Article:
Home loan providers' reliance on ECB funds dips to €42bn
IRISH mortgage lenders' reliance on cheap European Central Bank funding dipped more than 8pc in April to €42.6bn, even as the Greek debt crisis went into overdrive.
The figures are contained in the latest monthly statistics from Ireland's Central Bank.
Home loan providers had been using about €2bn of ECB funding lines to finance their activities before the US subprime crisis exploded in August 2007.
The figure jumped to €39bn a month after the collapse of Lehman Brothers sent the wholesale markets into a tailspin.
Levels of ECB drawings have remained volatile since then, peaking at €72bn in June last year as lenders across the eurozone rushed to avail of the Frankfurt bank's first auction of 12-month money. Its previous limit was three months.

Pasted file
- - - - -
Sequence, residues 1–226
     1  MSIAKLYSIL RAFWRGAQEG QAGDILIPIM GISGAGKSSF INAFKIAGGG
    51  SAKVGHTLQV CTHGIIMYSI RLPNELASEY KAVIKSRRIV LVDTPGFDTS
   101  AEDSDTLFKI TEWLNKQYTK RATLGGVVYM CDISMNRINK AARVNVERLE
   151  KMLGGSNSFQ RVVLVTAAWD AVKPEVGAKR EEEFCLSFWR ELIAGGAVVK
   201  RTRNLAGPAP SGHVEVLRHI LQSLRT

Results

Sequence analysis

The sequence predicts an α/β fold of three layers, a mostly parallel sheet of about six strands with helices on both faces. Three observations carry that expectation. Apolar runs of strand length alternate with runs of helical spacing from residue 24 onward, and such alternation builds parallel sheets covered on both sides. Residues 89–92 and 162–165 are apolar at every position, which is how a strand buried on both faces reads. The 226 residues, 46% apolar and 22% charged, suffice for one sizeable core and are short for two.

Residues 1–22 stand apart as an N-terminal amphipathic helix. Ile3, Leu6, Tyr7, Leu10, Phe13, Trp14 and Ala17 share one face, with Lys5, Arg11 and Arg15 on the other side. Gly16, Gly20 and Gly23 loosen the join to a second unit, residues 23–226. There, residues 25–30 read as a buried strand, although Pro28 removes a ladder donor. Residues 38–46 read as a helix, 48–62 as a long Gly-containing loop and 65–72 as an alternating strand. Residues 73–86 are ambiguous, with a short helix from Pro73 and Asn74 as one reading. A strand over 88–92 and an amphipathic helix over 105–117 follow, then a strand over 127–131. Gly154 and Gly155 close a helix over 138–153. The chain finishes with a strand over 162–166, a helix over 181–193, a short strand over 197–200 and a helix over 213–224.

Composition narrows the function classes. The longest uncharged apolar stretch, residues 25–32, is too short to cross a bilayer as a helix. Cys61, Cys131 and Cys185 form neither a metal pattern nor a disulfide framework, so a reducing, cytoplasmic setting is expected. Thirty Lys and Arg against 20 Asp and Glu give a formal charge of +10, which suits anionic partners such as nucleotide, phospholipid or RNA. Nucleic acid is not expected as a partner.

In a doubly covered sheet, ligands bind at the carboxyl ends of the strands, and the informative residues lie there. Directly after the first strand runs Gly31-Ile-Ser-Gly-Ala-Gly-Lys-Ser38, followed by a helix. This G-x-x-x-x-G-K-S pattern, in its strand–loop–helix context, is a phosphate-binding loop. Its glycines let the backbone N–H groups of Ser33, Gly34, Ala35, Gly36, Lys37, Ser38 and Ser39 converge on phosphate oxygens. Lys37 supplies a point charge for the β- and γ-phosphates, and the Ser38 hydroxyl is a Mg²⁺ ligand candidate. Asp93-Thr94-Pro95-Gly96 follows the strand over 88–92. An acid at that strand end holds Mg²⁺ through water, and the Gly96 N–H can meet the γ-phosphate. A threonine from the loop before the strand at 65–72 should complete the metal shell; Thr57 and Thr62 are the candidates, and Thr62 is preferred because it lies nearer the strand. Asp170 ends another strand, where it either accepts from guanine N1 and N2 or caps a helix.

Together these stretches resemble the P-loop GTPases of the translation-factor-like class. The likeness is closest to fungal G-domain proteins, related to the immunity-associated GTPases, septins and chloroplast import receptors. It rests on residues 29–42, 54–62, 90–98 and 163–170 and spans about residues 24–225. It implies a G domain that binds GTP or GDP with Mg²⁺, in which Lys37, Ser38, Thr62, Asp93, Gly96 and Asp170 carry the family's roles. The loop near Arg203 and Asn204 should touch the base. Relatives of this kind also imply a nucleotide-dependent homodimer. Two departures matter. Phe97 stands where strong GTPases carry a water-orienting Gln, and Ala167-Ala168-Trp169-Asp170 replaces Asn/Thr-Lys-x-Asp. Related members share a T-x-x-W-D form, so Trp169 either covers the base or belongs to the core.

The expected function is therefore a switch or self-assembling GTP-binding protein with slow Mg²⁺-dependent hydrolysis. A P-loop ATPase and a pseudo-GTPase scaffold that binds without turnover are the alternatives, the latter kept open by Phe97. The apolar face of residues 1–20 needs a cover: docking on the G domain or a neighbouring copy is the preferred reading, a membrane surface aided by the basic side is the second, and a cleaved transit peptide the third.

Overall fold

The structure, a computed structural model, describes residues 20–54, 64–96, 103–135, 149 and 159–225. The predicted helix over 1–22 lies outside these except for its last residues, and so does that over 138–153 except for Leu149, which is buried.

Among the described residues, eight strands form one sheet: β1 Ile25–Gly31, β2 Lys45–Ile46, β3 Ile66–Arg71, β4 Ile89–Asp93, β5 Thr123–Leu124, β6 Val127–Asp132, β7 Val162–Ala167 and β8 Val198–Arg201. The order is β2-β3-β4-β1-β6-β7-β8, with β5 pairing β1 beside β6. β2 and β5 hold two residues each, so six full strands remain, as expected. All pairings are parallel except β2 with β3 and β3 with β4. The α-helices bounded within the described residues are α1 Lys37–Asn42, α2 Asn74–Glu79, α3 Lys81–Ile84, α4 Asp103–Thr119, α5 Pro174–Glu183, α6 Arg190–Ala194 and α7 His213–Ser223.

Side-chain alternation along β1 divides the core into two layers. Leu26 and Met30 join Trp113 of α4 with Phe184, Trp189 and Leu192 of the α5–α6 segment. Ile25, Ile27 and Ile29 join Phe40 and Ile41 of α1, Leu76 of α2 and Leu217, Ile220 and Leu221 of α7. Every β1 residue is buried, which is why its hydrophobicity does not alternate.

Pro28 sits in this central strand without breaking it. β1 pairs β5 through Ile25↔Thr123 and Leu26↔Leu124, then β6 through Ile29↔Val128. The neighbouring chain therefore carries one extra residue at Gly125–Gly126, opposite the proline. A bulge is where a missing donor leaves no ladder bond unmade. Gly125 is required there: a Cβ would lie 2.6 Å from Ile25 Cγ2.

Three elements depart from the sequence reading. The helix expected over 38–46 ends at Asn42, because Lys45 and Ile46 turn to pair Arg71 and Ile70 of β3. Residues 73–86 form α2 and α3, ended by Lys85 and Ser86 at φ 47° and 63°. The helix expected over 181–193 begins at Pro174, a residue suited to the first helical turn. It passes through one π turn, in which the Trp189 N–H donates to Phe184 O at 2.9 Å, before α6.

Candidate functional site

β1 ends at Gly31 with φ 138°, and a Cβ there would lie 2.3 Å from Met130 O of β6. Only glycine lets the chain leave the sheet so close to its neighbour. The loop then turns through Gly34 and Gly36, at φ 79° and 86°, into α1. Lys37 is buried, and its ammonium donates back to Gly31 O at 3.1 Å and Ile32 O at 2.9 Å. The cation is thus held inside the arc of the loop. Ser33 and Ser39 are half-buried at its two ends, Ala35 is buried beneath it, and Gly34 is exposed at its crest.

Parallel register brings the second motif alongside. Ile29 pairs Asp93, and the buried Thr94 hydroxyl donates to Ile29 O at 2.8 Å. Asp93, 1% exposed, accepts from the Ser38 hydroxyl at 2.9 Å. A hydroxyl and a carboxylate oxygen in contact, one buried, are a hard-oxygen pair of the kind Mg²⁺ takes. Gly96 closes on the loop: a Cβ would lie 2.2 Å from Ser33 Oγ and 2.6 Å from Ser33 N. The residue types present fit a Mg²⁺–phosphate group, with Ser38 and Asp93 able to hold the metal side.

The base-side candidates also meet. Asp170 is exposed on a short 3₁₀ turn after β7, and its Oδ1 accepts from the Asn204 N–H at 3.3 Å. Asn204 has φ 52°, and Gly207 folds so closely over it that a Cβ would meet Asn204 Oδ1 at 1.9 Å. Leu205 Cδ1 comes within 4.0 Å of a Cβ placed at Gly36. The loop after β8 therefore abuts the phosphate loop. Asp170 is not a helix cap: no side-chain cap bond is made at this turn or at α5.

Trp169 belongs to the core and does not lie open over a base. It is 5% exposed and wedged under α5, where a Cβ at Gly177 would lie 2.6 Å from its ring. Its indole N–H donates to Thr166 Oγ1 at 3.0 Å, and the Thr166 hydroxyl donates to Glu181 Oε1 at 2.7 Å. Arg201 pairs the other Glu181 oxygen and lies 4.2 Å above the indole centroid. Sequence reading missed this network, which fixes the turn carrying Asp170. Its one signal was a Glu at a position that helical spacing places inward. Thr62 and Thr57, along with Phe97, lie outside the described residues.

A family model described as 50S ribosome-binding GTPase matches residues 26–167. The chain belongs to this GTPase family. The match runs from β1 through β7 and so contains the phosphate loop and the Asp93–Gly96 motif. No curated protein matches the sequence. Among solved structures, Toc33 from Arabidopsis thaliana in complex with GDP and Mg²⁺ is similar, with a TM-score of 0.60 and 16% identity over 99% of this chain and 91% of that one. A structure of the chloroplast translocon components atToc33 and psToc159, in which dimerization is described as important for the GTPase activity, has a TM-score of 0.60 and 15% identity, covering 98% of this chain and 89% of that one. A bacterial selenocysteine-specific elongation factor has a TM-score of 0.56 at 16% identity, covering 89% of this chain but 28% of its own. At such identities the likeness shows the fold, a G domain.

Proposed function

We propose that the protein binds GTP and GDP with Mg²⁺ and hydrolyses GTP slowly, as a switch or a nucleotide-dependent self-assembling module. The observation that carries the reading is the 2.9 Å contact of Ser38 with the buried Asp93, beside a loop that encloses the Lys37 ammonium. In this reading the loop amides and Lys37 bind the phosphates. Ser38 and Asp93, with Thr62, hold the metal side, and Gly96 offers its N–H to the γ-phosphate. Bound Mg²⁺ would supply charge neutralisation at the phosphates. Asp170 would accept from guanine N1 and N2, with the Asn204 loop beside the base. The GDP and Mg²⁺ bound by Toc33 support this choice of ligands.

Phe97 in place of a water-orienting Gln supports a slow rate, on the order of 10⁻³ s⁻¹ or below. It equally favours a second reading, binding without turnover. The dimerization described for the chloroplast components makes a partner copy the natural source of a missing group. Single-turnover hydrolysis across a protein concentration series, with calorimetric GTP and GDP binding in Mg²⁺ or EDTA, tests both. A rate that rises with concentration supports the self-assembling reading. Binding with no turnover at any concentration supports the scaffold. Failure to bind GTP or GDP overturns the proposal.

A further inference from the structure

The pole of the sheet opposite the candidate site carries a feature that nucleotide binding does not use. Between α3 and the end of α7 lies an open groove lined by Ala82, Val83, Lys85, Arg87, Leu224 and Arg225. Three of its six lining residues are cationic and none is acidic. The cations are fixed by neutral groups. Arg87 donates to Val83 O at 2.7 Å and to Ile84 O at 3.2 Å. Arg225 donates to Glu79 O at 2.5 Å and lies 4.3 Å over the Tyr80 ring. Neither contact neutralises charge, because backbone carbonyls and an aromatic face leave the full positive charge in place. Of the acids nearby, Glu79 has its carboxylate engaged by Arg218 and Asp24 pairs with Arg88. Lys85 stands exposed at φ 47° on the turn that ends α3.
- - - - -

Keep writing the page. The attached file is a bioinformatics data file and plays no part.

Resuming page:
While the ECB pulled 12-month funding out of the market in December and whipped six-month money in March, it was forced by fears of contagion from the Greek crisis to reinstate six-month auctions in the middle of May to calm the markets. Market observers warned that the extent to which banks tap the ECB is likely to have turned even more volatile over the course of last month.
Meanwhile, the overall reliance of Irish-based banks on ECB funding dropped to €79.3bn in April from €82.6bn for the previous month.
International banks based in the IFSC account for a significant amount of the total ECB drawings.
The monthly figures show that credit to non-financial corporations fell by 4.5pc to €134.2bn in the year to the end of April, with the transfer of property loans to NAMA and an increase in impairment provisions accounting for almost the entire decline in the figures.